The Texas Commission on Law Enforcement (TCOLE) licenses and regulates various law enforcement-related occupations, including licensed peace officers, county corrections officers or jailers, agency chief administrators, telecommunications officers, and constables. Individuals must satisfy certain requirements to meet licensing standards, and TCOLE may only issue individuals initial or renewal licenses if they meet those standards.
As part of its duties, TCOLE also receives complaints against these individuals and takes disciplinary action as needed concerning matters over which it has jurisdiction. Complaints, disciplinary actions, and non-renewal of your law enforcement license can be devastating. Without a license, you cannot work as a law enforcement professional, leaving you without the career you have planned or already built.
Enlisting the help of a law enforcement license defense lawyer can help you fight back against license denial or disciplinary action that may affect your license. With legal assistance, you may also be able to negotiate the best possible resolution of the matter before TCOLE and safeguard your career.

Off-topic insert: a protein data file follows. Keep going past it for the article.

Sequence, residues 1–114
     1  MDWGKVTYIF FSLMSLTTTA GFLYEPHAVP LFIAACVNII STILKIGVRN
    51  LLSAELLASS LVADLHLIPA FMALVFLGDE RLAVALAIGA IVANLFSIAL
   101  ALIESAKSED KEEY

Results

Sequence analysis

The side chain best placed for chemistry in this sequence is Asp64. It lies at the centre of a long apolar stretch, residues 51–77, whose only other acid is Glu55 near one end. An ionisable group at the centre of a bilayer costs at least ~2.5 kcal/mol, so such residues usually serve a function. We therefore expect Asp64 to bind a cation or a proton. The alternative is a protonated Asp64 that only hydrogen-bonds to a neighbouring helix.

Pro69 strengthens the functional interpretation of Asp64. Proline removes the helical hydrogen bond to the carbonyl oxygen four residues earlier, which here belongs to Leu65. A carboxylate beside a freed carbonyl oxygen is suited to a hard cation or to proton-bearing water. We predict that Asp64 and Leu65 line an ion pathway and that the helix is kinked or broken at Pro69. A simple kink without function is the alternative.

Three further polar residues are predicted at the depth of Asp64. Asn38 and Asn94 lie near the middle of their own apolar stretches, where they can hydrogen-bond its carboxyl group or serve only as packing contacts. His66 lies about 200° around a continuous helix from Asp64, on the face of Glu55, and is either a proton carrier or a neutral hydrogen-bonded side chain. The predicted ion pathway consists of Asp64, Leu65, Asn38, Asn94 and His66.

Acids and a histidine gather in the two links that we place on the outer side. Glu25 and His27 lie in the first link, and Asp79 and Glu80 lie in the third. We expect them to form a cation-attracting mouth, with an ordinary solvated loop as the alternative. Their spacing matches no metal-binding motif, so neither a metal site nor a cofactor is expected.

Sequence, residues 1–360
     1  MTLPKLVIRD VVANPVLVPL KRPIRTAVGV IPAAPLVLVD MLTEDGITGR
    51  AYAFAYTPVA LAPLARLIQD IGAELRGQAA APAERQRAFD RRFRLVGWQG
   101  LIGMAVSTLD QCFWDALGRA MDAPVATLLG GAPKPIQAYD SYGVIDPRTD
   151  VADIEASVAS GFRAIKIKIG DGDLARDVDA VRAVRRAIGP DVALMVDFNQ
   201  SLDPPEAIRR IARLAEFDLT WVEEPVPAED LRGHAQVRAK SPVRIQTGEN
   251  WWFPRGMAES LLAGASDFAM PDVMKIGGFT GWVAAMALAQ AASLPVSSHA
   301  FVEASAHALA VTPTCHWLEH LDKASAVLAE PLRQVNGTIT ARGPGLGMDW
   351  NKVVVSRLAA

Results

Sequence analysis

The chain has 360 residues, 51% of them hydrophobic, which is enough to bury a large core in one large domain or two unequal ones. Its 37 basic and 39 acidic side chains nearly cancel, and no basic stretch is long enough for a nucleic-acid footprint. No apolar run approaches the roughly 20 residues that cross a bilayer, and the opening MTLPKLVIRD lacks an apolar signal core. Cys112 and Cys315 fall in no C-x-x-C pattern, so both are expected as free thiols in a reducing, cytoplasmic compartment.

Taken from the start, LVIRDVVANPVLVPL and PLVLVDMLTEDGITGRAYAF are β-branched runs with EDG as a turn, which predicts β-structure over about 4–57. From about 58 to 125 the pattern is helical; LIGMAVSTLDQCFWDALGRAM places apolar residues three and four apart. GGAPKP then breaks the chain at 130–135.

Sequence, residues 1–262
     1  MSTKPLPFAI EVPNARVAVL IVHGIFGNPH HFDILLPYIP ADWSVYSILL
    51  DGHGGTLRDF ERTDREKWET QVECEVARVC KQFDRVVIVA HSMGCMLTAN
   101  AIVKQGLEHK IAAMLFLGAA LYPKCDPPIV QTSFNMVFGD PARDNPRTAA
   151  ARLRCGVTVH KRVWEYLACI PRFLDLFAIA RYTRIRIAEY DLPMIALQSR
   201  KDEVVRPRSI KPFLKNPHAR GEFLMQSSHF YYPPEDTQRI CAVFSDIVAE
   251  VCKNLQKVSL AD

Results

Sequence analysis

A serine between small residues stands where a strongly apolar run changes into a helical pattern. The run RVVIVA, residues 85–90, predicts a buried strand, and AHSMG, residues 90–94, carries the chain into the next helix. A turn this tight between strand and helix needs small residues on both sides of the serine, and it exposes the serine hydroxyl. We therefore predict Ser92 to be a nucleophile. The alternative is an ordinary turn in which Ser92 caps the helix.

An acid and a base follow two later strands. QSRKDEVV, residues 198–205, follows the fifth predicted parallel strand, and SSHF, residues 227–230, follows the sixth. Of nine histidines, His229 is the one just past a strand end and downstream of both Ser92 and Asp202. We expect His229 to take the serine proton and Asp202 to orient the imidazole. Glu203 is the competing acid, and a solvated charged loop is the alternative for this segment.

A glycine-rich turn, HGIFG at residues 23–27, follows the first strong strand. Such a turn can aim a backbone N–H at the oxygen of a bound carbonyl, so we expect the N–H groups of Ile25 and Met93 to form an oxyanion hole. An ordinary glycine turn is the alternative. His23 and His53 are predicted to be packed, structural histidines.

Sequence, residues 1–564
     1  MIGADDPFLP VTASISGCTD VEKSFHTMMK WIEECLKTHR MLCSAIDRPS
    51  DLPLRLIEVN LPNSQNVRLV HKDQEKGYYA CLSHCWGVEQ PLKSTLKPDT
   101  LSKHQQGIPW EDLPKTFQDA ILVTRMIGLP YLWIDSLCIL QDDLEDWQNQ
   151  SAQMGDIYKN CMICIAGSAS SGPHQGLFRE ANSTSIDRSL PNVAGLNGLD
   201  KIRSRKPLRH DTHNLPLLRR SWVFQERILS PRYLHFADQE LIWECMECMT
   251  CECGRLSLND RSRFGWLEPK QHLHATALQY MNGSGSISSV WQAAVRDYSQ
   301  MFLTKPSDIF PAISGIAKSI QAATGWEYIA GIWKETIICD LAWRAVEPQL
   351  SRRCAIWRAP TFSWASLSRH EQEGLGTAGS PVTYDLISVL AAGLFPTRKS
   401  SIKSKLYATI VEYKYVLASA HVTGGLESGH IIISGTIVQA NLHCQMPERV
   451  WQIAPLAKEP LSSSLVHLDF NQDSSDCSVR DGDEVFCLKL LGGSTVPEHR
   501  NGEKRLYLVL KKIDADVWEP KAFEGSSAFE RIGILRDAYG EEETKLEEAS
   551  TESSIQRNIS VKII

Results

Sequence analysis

Requirements for Law Enforcement Licensure
The requirements for initial law enforcement licensure are extensive due to the nature of the profession. Under 37 Tex. Admin. Code §217.1, aside from minimum age and educational requirements, licensure applicants must:
- Undergo fingerprinting and be subject to local, state, and federal records and fingerprint files to disclose any criminal records;
- Have never been on community supervision or probation for any criminal offense above the grade of a Class B misdemeanor or a Class B misdemeanor within the past ten years from the date of the court order;
- Not be facing any criminal charges that would be a bar to licensure;
- Have never been convicted of any criminal offense above the grade of a Class B misdemeanor or a Class B misdemeanor within the past ten years;
- Have never been convicted of or placed on community supervision in any court for an offense involving family violence;
- Not be prohibited by state or federal law from operating a motor vehicle or possessing firearms or ammunition (for peace officers);
- Have undergone a background investigation that the appointing agency has verified;
- Have undergone a physical examination that shows them to be physically sound and free from any defect which may adversely affect their performance of duty and no trace of drug dependency or illegal drug use;
- Have undergone a psychiatric examination that shows them to be in satisfactory psychological and emotional health to serve as an officer;
- Have never received a dishonorable discharge from the U.S. armed forces;
- Have never had a TCOLE license denied by final order or revoked;
- Not currently be on suspension or have a surrender of license currently in effect;
- Meeting minimum training standards and passing commission licensing examinations;
- Be a U.S. citizen